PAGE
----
2017 Air Quality Action Plan

What is the goal of the 2017 Air Quality Action Plan?

The 2017 Air Quality Action Plan (Plan) was written to reduce air pollution from Colorado’s transportation sector.

What does air quality have to do with transportation?

In 2017, most vehicles are still powered by burning fuel in the engine. The majority of emissions from vehicles that burn fuel are by-products of this combustion process. The combustion process results in emissions released from the tailpipe of what are called criteria pollutants, mobile source air toxics (MSATs), and greenhouse gases (GHGs). 

What is CDOT doing about air quality?

Many of CDOT’s roles and responsibilities, programs and initiatives, and actions have a positive effect on air quality, even if they are primarily carried out for another reason. Here are some examples:

  • Accomplishes mitigation actions and strategies for GHG reduction as outlined in the transportation chapter of the Colorado Climate Plan, published by Colorado state government
  • Coordinates on air quality issues with its planning partners (five metropolitan planning organizations and 10 rural regional planning commissions).Improves travel time reliability and safety through technology, innovative programs and strategies, targeted traffic management activities, and safety improvements. Many of these efforts have the potential to reduce air pollutants.
  • Plans, develops, operates, and integrates transit and rail into the statewide transportation system.
  • Supports the purchase of alternative fuel vehicles and charging infrastructure statewide.

Why should I care about air quality?

Transportation-related pollutants cause adverse health and welfare effects. For example:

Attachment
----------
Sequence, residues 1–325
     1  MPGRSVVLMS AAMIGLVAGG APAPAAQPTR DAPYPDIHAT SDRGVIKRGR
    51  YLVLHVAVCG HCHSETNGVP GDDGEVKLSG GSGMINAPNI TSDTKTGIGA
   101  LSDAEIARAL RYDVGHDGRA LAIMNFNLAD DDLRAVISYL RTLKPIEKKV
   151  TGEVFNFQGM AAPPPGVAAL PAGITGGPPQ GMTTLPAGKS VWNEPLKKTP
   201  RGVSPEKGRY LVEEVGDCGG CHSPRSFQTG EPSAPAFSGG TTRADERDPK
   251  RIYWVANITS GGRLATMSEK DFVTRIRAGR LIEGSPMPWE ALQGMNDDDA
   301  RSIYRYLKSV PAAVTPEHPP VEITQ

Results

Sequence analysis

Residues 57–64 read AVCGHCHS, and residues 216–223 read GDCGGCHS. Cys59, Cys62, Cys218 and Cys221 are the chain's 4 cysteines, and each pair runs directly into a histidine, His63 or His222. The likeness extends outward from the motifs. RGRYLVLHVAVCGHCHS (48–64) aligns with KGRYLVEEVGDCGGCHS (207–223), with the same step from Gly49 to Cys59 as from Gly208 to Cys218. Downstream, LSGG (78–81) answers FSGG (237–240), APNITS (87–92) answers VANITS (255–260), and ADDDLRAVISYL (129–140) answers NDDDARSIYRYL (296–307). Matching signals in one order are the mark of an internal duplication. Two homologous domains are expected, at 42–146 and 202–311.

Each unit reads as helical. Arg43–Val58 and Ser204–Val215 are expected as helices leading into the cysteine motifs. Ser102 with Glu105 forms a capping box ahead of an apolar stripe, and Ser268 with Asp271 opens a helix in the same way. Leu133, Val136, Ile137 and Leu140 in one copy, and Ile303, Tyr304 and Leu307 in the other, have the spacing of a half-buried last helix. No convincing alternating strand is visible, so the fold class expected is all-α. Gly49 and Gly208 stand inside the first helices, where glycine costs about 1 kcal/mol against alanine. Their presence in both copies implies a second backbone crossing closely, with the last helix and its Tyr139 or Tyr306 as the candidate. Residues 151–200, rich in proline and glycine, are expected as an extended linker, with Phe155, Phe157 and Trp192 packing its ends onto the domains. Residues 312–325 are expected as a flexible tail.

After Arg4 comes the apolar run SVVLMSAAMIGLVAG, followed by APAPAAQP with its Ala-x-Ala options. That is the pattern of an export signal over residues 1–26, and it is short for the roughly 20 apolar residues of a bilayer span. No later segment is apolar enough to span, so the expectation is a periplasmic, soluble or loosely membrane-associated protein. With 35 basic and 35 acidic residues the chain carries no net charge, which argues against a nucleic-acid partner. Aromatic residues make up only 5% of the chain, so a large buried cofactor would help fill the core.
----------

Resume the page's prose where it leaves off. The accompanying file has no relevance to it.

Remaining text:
• Particulate matter may aggravate breathing difficulties, damage lung tissue, alter the body’s defense against foreign materials, and lead to premature death.
  • Ozone aggravates respiratory problems, and can lead to pulmonary congestion.
  • GHGs negatively affect public health and welfare through the increased likelihood of more frequent and intense heat waves, more wildfires, degraded air quality, more heavy downpours and flooding, increased drought, more intense storms, and harm to agriculture, wildlife, and ecosystems.

What is Colorado’s air quality like today?

Colorado’s ozone nonattainment area and maintenance areas for carbon monoxide and particulate matter are shown in Figure 1. A nonattainment area is one that is not meeting federal ambient air quality standards. Maintenance areas are areas that were once nonattainment areas but are now meeting federal ambient air quality standards.

What is Colorado doing to reduce ozone from the transportation sector?

Measures to reduce ozone include:

  • A vehicle inspection/maintenance program in the North Front Range.
  • More stringent inspection/maintenance cut-points in the Denver area.
  • Tighter emissions requirements for older collector vehicles.

How does CDOT know if its actions are improving air quality?

The Plan describes three performance measures that CDOT will report on annually to determine if the cumulative impact of its activities might be improving air quality (See Appendix C). They are:

  • Statewide motor vehicle criteria pollutant and GHG emissions
  • Statewide on-road gasoline consumption
  • Statewide GHG tailpipe emissions (uses different calculation method than measure in first bullet).

What’s next for CDOT?

  • Annually update all Plan appendices to monitor progress on improving air quality.
  • Carry out research.
  • Perform activities as described in Appendix B.